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One Billion Rising for Justice – Cameroon



One Billion Rising for Justice – Cameroon

Violence against Women is a global issue. All around the world women are molested, battered and raped inside and out of their homes, by strangers, by intimate partners, by their husbands or by other family members. UN statistics state that at least one third of all women of the world have been subject to gender related violence at least once in their lives. February 14th, 2014 marked the second global “One Billion Rising” action day. The “One Billion” in the campaign title stands for the third of all women populating the world who have experienced gender related violence at some point in their lives. The day of action also carries the alternative title “V-Day”. This is a direct homage to “V(agina)-Action-Days” of 1998, as February 14th, 2013 which was the date of the first “One Billion Rising” action day, marked the 15th anniversary of this campaign. The “V(agina)-Action-Days” we’re triggered by a statement the conservative US politician Todd Akin made. He stated, that abortion is immoral and should not be allowed, even in the case of pregnancy through rape. He further argued, that a woman’s body was only capable of getting pregnant if she enjoyed it.

In Cameroon more than half of women (55%) have experienced physical violence, mostly perpetrated by current or most recent husbands, brothers or sisters, mothers, fathers, or step-parents. For 20% of Cameroonian women engaging in sexual intercourse, their first time was by force, the same goes for  the 30% of those who had their first sexual experience before reaching the age of 15. 60% of the women in Cameroon who have been married have experienced physical, sexual or emotional violence from their current or most recent husband. Of those who have experienced marital violence 43% have had injuries as a result. Wife battering and marital rape, like the forms of gender based violence already displayed, are consequences of an attitude of treating women like property. This attitude is also reproduced and promoted by things like the husband’s right to punish his wife with physical violence, the “bride price” or “bride’s worth” which for one tends to give the husband the impression of having “bought” his wife, but also degrades a woman to an object you can put a price on.

All of this is why we decided, that Cameroon has to be a part of the “One Billion Rising” Campaign. So we put together our own “Rising” at the Women Empowerment Center in Limbe, on February 14th, 2014. We made designs for t-shirts and had them printed, we distributed flyers at bars and clubs on ladies night, rented a sound system and got the Women Empowerment Center as venue. When the day of the 14th had come, we were ready to go. The Rising was opened with a word of prayer by  Mrs. Mboh. She was followed by our Executive Director Elvis Wepngong introducing OGCEYOD and explaining the importance of gender sensitive education. After his introduction it was time for a speech by the Delegate of Women Empowerment and the Family. She spoke about different forms of violence women have to face in Cameroon. But she did not only speak about domestic violence, but also about the economic and emotional violence women have to deal with, as well as pseudo-solution strategies they have to put up with here. After her heartfelt speech it was the project coordinator Maike Möllendorfs turn to introduce the campaign and it’s goals. What it is, what it is meant to do, and it’s history. After the speeches the women participating in the rising got the chance to stand up and make their stories heard. Two courageous women seized this opportunity and told their sad stories. The first woman to speak told the story of how she ended up in an abusive relationship with an unfaithful man, after loosing her parents at a very young age, and also gave inspiration by telling the round about 150 participants how she got out of it. The second woman to speak up was the President of the Social Widow’s Association. She told the horrible story of a woman who had faced extremely degrading widowhood rites after her husband’s death. In the course of this rite a young plantain was inserted into her vagina and she had to sleep on plantain leaves for one month. For this whole time she was not allowed to bath herself, the young plantain was also not removed until the month was over. After these women had told their stories, it was time to lighten the mood and  for OGCEYOD’s Ndifang Gisele to teach the “Break the Chain” dance, which goes with Tena Clark’s song of the same title to the participants. The song was specially composed for the “One Billion Rising” campaign, and next to the content of the campaign it is an additional link between the different Risings worldwide. The women participated enthusiastically, and after Elvis Wepngong’s closing words the women started to stream out the courtyard of the Center.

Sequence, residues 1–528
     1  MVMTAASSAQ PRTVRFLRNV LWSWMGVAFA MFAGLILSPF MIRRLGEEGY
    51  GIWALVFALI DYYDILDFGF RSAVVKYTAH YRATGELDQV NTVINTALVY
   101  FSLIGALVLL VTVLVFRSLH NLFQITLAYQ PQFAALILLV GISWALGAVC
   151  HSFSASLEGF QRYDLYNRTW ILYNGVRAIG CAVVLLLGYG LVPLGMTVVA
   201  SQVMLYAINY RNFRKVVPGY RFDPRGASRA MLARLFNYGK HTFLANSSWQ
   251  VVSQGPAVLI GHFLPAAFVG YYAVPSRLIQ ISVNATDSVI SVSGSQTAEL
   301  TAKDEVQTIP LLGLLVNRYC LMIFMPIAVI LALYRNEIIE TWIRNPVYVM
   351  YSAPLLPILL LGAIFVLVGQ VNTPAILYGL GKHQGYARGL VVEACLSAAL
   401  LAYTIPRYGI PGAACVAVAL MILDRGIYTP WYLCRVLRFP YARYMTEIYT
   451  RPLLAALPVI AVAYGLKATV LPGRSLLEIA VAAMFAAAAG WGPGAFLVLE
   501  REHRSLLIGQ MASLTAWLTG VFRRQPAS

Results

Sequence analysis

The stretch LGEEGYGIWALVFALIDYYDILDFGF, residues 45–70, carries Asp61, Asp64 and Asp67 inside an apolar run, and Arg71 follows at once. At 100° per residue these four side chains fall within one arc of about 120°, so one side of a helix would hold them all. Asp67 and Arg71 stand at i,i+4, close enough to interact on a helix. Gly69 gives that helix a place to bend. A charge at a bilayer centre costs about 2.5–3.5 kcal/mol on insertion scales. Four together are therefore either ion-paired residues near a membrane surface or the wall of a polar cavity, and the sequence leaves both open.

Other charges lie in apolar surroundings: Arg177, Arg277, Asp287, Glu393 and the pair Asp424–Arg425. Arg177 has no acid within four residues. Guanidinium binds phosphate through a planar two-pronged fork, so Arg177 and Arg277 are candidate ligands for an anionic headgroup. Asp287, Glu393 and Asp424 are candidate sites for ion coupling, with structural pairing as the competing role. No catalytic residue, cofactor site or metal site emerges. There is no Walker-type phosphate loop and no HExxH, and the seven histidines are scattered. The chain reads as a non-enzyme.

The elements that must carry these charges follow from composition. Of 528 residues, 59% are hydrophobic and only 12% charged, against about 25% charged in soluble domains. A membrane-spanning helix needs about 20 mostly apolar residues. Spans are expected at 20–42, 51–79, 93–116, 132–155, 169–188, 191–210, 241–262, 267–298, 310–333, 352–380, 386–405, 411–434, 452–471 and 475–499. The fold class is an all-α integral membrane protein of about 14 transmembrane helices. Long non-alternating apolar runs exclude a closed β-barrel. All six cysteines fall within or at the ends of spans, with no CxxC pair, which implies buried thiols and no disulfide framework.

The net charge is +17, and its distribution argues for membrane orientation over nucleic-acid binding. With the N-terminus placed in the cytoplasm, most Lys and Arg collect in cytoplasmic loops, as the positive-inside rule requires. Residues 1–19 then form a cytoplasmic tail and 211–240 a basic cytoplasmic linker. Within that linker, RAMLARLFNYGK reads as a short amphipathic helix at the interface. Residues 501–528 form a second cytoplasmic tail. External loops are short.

This event leaves us excited and motivated to keep working on the issue of domestic violence and stepping it up another level to help women find solutions for these kinds of situations.

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